Three women stepped straight out of the storybooks and into Buffalo, New York, one sunny day this fall. But they hadn’t met for so long (except on the printed page) that they scarcely recognized each other. Within minutes, however, they reached back across the years to the girlhood they have shared with a quarter of a million children. (Quote from “Three Heroines Meet for First Time [Except on Printed Page] in 34 Years” Minneapolis Sunday Tribune, Nov. 9, 1952)
Maud Hart Lovelace, Frances ‘Bick’ Kenney Kirch, and Marjorie Gerlach Harris met in Buffalo in November 1952. Although they had corresponded over the years, this trio of friends hadn’t seen each other in 34 years.
The first thing the trio did was set off on one of the immortal picnics so often described in the Betsy-Tacy books. Marjorie (Tib), now a widow and business woman from Chicago, arranged the reunion. Bick (Tacy), now a mother and grandmother from Buffalo, had prepared the food. “From the minute we met, each of us acted silly,” Maud said.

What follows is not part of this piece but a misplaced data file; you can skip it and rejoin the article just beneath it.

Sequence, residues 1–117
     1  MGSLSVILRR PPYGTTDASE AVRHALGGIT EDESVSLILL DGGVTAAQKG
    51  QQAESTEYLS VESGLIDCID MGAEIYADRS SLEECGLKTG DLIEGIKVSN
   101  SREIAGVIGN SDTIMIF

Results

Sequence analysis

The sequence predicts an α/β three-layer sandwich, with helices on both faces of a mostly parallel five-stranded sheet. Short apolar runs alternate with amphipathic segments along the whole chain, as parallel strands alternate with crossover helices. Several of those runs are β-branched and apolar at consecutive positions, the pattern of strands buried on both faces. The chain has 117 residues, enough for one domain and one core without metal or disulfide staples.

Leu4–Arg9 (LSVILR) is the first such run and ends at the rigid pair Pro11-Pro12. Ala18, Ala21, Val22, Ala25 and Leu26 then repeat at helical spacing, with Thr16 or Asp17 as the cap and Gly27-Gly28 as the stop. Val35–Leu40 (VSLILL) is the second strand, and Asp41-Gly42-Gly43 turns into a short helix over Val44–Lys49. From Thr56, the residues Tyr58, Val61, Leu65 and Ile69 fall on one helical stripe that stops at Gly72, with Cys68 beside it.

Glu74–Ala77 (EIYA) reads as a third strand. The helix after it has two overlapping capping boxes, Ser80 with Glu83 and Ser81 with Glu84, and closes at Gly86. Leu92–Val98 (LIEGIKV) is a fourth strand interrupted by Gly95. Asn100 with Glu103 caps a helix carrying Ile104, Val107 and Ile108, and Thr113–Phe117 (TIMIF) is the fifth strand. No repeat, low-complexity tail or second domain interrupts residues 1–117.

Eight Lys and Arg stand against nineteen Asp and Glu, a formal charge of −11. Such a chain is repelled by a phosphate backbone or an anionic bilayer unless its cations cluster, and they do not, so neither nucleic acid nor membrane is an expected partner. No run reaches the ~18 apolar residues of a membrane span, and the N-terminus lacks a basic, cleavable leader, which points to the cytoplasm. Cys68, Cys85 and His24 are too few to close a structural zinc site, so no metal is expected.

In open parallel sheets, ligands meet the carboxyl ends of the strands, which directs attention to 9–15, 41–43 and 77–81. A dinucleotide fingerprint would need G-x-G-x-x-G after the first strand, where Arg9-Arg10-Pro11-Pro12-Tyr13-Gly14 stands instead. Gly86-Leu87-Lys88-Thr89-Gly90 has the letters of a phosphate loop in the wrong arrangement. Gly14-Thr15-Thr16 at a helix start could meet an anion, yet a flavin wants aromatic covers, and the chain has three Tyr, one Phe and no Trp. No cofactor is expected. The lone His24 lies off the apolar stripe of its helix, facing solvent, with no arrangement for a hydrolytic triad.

At the hotel, they stayed in the dining room and reminisced beyond closing time each night. People stared at the three 60-year-old women laughing and having a good time. When they parted after three days, the women agreed that they had “laughed away 10 years apiece.”
The paper reported, “Unlike most flesh-and-blood inspirations for fictitious heroines, Mmes. Lovelace, Kirch, and Harris don’t deny the closeness of the relationship to their storybook doubles. Perhaps this is due to the tone of Mrs. Lovelace’s books, brimming with the infectious high spirits of young people having a good time.”